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Wave Energy Developer Stops OR. Project
Ocean Power Technologies has scrapped plans to build the nation’s first large-scale wave energy project off the Oregon coast. They say the costs were too high to make it work. The anticipated project would have placed a flotilla of 100 energy-producing buoys, each about the size of a school bus, in the waves off the coast of Reedsport.
The project’s developer, Ocean Power Technologies, surrendered its permit with the federal government, Oregon regulators disclosed. The project generated national headlines in the run-up to its planned launch in October, 2012. But after it delayed the deployment of its first buoy, the project seemed to be stuck on hold.
Last year, the state of Oregon adopted zoning rules to allow for wave and wind energy development at the Reedsport location and elsewhere in its territorial waters off the coast. But now, the area approved for the OPT wave project will become a conservation area, according to Paul Klarin, the marine program coordinator at the Oregon Department of Land Conservation and Development. Klarin says such areas remain open to future development, though the bar is set high for companies to demonstrate that the surrounding ecological and economic resources won’t be adversely impacted.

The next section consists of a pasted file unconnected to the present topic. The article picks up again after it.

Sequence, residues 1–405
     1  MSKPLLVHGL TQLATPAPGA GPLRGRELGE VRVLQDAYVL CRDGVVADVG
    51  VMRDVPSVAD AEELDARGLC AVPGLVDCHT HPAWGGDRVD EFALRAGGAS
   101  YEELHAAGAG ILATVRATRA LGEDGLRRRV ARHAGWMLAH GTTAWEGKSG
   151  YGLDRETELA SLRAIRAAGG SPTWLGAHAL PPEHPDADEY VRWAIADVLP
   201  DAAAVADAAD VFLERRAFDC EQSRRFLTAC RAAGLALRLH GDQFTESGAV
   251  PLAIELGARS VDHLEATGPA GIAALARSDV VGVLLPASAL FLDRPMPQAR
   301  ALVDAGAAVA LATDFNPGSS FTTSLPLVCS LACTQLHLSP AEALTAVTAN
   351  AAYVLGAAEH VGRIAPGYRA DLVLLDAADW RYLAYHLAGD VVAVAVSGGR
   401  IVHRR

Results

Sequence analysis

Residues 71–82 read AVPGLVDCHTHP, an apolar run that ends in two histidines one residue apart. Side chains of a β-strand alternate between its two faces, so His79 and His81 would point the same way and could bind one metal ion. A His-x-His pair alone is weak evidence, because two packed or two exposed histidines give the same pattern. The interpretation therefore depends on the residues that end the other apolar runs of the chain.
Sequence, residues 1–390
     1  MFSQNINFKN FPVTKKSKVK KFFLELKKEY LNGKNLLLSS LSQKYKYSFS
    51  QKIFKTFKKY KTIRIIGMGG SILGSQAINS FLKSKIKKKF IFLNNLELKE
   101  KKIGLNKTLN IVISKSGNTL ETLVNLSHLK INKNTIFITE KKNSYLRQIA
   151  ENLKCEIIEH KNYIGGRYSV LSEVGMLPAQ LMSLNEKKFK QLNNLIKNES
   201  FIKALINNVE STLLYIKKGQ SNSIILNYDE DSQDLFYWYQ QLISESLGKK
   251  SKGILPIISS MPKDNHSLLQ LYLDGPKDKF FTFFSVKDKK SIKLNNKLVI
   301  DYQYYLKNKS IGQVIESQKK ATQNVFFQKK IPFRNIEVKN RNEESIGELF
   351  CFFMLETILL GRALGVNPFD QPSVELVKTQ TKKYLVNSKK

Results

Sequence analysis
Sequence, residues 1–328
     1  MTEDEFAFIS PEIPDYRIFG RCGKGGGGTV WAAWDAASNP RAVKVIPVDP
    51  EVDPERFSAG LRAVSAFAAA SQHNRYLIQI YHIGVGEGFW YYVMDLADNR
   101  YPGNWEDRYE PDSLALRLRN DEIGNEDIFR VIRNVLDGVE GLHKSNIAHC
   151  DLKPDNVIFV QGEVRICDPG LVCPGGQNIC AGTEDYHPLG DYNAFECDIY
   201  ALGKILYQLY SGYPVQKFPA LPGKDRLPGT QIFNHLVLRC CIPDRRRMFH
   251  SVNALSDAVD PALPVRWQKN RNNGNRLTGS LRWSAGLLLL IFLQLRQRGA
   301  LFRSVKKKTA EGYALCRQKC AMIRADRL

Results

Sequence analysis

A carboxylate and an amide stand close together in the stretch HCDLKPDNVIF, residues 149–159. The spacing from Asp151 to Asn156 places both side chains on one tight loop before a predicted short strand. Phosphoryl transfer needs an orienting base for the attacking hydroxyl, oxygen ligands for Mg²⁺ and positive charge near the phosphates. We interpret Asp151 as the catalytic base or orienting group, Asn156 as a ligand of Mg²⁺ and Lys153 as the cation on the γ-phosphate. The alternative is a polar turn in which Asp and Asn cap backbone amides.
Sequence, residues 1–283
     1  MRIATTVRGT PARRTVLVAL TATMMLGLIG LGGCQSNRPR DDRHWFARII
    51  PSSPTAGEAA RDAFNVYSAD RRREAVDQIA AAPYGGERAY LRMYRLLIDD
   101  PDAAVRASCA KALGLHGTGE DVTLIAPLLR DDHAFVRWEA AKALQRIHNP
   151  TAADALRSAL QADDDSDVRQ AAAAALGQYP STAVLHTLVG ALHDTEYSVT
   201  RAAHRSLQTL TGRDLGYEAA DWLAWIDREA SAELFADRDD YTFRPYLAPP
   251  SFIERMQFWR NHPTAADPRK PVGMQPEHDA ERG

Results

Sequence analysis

“The larger zone that was defined in the plan for the commercial build-out will basically go away,” Klarin said.
Klarin said the company planned to develop the project amidst high-value fishing and Dungeness crabbing grounds.
Wave energy production outside Reedsport has been opposed by the Oregon Dungeness Crab Commission. Executive director Hugh Link says this is a victory for the crabbing and fishing communities he represents.
Kevin Watkins is the Pacific Northwest representative for Ocean Power Technologies. He said developing wave energy and implementing it on a large scale became too expensive and too complicated. Watkins also noted a difficult regulatory process, involving both state and federal regulations. The company still plans a smaller project in the same area with 10 smaller buoys, beginning the summer of 2015